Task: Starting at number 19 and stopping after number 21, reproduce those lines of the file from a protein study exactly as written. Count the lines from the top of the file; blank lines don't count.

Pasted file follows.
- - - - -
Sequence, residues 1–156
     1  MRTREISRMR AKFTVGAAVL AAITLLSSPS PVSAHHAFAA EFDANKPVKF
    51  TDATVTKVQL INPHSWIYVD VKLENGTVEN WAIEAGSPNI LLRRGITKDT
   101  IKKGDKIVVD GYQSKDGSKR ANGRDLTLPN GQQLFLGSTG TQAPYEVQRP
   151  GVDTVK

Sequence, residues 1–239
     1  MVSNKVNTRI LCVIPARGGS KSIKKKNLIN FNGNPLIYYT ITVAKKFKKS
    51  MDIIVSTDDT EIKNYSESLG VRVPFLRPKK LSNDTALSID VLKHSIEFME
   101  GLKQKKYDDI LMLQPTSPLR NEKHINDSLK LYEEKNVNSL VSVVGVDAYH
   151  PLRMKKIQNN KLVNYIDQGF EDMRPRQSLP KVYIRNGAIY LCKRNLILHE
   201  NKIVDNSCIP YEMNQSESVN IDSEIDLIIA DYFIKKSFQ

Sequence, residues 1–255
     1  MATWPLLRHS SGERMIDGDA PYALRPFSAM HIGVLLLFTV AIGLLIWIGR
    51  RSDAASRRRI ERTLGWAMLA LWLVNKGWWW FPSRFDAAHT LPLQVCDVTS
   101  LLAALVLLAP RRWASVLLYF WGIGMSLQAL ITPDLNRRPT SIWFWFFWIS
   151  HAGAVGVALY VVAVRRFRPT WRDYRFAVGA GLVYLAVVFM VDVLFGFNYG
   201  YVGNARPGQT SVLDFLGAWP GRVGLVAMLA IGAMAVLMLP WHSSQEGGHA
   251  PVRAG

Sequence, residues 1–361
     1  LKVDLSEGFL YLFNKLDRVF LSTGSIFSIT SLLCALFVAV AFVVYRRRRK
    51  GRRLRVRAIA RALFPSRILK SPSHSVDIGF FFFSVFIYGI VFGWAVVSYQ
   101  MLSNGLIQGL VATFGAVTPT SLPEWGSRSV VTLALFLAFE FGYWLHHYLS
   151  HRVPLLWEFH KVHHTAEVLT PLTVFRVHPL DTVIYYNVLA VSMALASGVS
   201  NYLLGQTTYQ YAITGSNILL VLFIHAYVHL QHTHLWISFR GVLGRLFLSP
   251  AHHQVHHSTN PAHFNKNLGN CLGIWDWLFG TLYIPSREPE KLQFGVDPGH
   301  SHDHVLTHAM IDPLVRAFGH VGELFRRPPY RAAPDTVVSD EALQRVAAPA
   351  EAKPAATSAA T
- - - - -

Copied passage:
Sequence, residues 1–361
     1  LKVDLSEGFL YLFNKLDRVF LSTGSIFSIT SLLCALFVAV AFVVYRRRRK
    51  GRRLRVRAIA RALFPSRILK SPSHSVDIGF FFFSVFIYGI VFGWAVVSYQ